The American Interest
Analysis by Walter Russell Mead & Staff
Beyond Blue Around the Web

Our “Beyond Blue” essays, the culmination of one of Via Meadia‘s overarching storylines, have been sparking conversation. Over at the New York Times Campaign Stops blog, Columbia’s Thomas Edsall compares the essays to Charles Murray’s recent work:

Mead’s predictions may or may not prove prescient, but it is his thinking, more than Murray’s, that reflects the underlying optimism that has sustained the United States for more than two centuries — a refusal to believe that anything about human nature is essentially “intractable.” Mead’s way of looking at things is not only more inviting than Murray’s, it is also more on target.

Via Meadia will have more to say about Murray’s provocative new book in the weeks ahead. For now, Edsall’s analysis is well worth pondering.

Over at National Review, Jim Manzi has taken note:

Walter Russell Mead has done a remarkable series of long posts on the future of American political economy. The fourth installment argues that we are undergoing a transformation that will ultimately create lots of good jobs, but that we’ll have to get used to seeing service jobs very differently.

There is significant overlap between this very optimistic piece and my “Keeping America’s Edge” essay from a couple of years ago. But I tried to emphasize that while such a sunny future is possible, achieving it is likely to require serious social, political, and economic reform. America has led economic transformations before; we are not pre-ordained to lead the next one.

Manzi is a sharp analyst, and his National Affairs essay is recommended reading for anyone interested in the core themes of Via Meadia.

We are gratified and encouraged to see thinkers across the spectrum adding to this debate.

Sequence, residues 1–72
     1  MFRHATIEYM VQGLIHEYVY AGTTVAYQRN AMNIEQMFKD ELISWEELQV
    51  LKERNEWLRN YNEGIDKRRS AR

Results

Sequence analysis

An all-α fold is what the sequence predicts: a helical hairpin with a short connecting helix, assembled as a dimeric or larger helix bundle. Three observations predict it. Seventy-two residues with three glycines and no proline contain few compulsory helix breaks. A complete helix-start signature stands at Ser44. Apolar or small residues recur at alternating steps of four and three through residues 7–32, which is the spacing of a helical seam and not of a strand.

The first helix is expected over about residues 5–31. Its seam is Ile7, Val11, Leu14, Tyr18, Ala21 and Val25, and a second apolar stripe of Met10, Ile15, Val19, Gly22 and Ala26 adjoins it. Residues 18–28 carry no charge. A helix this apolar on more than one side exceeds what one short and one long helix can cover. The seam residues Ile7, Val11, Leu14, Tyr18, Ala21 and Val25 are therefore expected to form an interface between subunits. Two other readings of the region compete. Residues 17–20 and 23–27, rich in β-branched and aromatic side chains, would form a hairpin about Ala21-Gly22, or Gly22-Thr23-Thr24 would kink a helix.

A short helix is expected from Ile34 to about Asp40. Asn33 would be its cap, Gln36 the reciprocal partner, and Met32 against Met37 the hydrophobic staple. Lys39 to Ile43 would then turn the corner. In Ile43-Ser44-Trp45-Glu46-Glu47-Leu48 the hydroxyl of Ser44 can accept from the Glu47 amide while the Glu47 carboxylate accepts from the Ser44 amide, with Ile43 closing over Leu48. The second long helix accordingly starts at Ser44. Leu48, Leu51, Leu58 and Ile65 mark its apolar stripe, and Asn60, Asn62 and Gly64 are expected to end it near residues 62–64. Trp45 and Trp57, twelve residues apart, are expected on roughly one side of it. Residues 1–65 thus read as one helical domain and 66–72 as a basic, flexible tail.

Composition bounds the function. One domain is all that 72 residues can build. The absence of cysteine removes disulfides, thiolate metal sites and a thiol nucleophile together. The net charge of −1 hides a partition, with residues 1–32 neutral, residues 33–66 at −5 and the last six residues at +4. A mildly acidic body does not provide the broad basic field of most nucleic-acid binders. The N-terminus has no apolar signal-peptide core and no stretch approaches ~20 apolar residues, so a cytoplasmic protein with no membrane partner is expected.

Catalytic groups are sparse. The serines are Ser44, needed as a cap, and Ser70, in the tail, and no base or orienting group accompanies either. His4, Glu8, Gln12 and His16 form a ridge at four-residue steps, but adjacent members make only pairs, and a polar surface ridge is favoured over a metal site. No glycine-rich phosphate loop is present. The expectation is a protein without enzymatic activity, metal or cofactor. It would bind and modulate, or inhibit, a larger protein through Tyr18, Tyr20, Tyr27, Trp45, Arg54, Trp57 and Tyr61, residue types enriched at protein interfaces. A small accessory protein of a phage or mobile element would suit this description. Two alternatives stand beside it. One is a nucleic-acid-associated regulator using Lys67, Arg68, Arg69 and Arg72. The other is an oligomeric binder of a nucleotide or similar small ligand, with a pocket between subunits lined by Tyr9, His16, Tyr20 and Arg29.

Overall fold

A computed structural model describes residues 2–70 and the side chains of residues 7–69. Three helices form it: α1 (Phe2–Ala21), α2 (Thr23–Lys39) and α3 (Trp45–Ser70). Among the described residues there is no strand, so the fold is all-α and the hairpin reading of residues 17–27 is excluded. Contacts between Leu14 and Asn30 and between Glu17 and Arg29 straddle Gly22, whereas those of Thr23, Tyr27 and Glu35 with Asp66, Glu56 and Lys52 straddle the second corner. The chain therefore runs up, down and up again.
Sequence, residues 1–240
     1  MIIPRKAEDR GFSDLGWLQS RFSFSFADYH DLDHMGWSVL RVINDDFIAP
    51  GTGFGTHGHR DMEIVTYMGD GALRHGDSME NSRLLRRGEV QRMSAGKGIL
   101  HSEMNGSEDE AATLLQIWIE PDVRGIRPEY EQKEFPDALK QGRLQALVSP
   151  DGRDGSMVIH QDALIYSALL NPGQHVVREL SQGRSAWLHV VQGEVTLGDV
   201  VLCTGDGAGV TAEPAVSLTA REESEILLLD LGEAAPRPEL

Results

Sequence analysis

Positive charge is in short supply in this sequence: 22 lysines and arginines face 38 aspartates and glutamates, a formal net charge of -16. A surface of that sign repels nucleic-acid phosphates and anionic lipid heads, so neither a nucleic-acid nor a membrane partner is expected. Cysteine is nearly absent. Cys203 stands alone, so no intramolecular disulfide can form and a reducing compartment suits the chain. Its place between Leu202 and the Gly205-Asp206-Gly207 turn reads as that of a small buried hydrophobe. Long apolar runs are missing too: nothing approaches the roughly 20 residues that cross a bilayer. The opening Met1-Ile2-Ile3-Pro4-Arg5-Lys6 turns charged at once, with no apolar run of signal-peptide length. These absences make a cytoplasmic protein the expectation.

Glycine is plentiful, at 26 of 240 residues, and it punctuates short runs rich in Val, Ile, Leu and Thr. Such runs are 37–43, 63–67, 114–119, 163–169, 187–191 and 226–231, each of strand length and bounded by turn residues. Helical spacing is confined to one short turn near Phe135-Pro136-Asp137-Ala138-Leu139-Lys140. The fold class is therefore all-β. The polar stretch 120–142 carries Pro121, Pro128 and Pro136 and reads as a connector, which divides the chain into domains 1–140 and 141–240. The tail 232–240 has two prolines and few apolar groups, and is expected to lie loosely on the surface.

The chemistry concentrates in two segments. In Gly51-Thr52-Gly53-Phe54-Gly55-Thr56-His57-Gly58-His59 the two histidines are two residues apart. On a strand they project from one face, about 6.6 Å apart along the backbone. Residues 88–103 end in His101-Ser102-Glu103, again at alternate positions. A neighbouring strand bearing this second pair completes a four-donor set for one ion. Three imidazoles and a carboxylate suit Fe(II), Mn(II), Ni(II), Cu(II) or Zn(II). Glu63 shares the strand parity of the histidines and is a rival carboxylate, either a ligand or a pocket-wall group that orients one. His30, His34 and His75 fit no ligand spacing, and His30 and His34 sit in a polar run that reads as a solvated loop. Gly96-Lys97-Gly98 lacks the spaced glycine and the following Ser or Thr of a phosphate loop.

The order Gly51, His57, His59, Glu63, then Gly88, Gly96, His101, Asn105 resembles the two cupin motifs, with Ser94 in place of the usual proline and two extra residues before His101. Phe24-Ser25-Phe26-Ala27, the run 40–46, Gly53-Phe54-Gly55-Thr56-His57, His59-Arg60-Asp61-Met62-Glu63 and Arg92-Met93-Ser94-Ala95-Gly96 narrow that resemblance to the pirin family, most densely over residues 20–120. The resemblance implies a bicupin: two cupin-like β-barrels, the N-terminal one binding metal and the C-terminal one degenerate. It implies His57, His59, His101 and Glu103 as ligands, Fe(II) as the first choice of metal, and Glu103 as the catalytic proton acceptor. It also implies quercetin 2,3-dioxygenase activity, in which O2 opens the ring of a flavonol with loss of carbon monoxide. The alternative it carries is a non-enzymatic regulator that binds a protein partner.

Published on February 14, 2012 4:04 pm
  • Jim.

    Edsall’s off on at least one point– you’ve stated the position that human nature *is* intractable, though little in our environment or economic situation is.

  • http://knownofold.blogspot.com J R Yankovic

    Have to say I’m with Jim. on this one. Really not sure where Edsall gets this Mead = infinitely malleable (or infinitely perfectible?) human nature stuff. Or whatever it is he’s trying to say. And I’d like to think I’m a pretty close reader of the longer Via Meadia essays.

  • WigWag

    David Frum absolutely evicerstes the thesis of Murray’s new book over at his blog at the Daily Beast. I have rarely seen such a spectacular job of exposing an attempt to have garbage masquerade as social science. Frum’s take down of Murray comes in five parts; it is well worth a look.

  • a nissen

    “Via Meadia will have more to say about Murray’s provocative new book in the weeks ahead.”

    ” Manzi is a sharp analyst, and his National Affairs essay is recommended reading for anyone interested in the core themes of Via Meadia. We are gratified and encouraged to see thinkers across the spectrum adding to this debate.”

    Sounds more like orchestrated group think to me. Although rather harmless compared to this:

    http://www.salon.com/2012/02/14/us_media_takes_the_lead_on_iran/singleton/

  • Anthony

    I concur with Wig Wag. David Frum presents a very objectiive critique of “Coming Apart” in The Daily Beast – five parts.

  • Anthony

    WRM is also correct: Manzi’s essay in National Affairs is worth the read – idea/theme clarity.

  • Jim.

    @WigWag:

    Frum is indeed well worth a look, but only as a sharpening stone to hone Murray’s argument on. It is far from a perfect indictment.

    In the first part, Frum criticizes Murray for what he leaves out — mostly, a comparison of 1960-2010 to the years 1910-1960. But Frum’s own picture of America 1910-1960 (when we became more united, more reverent, and more prosperous) has some glaring omissions of its own.